As we were coming up on the final part of our seven miles, we saw our teammates, tagged them in, and continued walking with Linda. I’ll suffice it to say it was the hardest eight miles of my life. I literally could not walk as slowly as my friend. It was agony. I was afraid they would shut down the route because we were sauntering. But we were cheering her on, telling her she could do it, having her drink water, telling jokes, and we made it to the finish line. After receiving our medals, we cooled down, had some water and a banana, and Linda went and sat on a step in the shade. She looked up at me and said, “Colleen, if I learned one thing about this, it’s the importance of training.”

The next year a lady reached out to me and asked if I would walk the half marathon with her sister-in-law, Mary Ann, who was legally blind. Sure, I’m up for helping people, and this would certainly be a challenge. Mary Ann and I started training in early January. I drove about 20 miles to pick her up, then drove to a park where we trained. When we first started training, I wasn’t sure how to lead, so I asked what she usually did and followed her lead. I walked on her right side, and she held onto my left elbow. After a few training sessions, she walked beside me without holding my arm. Wow, this was amazing; it was going to be OK.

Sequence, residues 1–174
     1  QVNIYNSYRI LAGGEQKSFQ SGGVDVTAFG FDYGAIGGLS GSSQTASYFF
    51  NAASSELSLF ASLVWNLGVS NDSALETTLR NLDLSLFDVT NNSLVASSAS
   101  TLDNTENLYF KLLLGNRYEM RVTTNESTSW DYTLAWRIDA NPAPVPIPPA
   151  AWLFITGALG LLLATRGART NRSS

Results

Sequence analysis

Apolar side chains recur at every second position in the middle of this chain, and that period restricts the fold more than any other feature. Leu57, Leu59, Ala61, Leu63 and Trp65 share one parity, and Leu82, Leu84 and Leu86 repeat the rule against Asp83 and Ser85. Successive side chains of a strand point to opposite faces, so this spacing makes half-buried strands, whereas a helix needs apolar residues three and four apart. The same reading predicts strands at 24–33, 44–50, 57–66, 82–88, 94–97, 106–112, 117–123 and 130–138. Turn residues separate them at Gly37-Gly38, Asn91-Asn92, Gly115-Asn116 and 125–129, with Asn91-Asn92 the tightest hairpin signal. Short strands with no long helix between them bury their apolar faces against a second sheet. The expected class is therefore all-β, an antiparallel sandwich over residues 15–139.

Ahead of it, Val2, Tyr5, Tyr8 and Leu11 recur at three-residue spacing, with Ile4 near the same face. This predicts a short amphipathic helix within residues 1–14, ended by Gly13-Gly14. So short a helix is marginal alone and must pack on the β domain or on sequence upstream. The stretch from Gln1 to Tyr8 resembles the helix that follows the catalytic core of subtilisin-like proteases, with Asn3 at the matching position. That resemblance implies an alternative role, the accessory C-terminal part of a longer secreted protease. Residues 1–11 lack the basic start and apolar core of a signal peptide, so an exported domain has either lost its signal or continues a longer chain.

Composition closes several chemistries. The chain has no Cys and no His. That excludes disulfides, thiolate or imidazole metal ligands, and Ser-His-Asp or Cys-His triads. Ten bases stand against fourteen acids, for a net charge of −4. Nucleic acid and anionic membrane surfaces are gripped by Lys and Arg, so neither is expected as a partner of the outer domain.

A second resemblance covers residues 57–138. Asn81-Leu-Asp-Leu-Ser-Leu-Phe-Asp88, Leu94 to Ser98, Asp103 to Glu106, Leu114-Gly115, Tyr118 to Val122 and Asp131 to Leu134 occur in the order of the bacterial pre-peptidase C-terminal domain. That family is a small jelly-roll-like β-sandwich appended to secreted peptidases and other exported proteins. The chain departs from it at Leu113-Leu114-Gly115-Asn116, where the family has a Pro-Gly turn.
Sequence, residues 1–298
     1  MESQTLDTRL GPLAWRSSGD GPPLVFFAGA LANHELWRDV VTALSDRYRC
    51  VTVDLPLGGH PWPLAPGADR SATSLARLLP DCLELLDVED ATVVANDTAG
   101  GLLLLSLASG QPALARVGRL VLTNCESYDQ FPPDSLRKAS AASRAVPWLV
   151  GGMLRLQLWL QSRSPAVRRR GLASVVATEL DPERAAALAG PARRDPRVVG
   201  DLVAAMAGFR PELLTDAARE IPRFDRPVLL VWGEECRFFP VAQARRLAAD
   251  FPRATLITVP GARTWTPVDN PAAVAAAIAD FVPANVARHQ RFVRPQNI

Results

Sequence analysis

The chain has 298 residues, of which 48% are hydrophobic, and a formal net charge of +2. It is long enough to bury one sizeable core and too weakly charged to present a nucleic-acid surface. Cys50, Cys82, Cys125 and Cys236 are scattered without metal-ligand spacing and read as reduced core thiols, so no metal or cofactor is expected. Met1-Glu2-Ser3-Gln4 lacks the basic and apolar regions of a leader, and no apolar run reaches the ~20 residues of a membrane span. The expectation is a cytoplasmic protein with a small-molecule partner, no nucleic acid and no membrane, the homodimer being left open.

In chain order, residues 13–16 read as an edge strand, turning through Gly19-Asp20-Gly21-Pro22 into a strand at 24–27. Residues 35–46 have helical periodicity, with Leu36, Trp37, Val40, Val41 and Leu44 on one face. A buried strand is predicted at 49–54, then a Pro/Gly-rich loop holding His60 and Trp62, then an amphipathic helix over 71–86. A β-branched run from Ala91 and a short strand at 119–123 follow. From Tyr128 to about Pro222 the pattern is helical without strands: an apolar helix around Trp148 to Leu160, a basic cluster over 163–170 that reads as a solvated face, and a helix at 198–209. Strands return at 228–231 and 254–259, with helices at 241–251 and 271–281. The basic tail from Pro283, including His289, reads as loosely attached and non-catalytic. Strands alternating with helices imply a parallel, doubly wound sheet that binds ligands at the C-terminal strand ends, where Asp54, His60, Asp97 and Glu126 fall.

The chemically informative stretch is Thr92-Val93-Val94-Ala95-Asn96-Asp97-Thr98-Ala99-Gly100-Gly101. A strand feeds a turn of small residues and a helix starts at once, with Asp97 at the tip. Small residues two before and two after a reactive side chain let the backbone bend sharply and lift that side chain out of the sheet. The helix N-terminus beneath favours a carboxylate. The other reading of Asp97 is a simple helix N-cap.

After four months of training, it was almost race day. During one of our last sessions, I thought of a scenario I hadn’t considered before: what if I had to use the restroom? Although I had never had to on any other race, this was an important discussion. She told me when she walked with her sister-in-law, Mary Ann would continue on her own and her partner would catch up to her. This was not going to work for me. I had anxiety just thinking about what might happen. We decided if there became a need to use the restroom, Mary Ann would wait for me. Race day. We were six-and-a-half miles into the race, and guess what? I needed the restroom. I couldn’t believe it. OK, I handed Mary Ann my phone, told her I’d be right back, and asked her to wait. Dear God, she left. I hustled to catch up (picture thousands of people walking/running the race and bystanders cheering for everyone). Where was Mary Ann? I walked about a half mile and decided I had to have missed her. I retraced my steps back to the Port-O-Let. No Mary Ann. Oh my God.
I raced to the nearest corner, found a police officer, and told her I had lost my walking partner. She said, “well, it’s OK; you’ll see her at the end of the race.” I told her, “you don’t understand. She’s blind.” If there was one funny facet to this scenario, the police officer’s eyes bugged out of her head. “Oh,” she said. “What’s her race number? What’s her name?” Most of the information was in my phone, but I gave her what I could and high-tailed it out of there to find her. I didn’t know if I was angry or scared.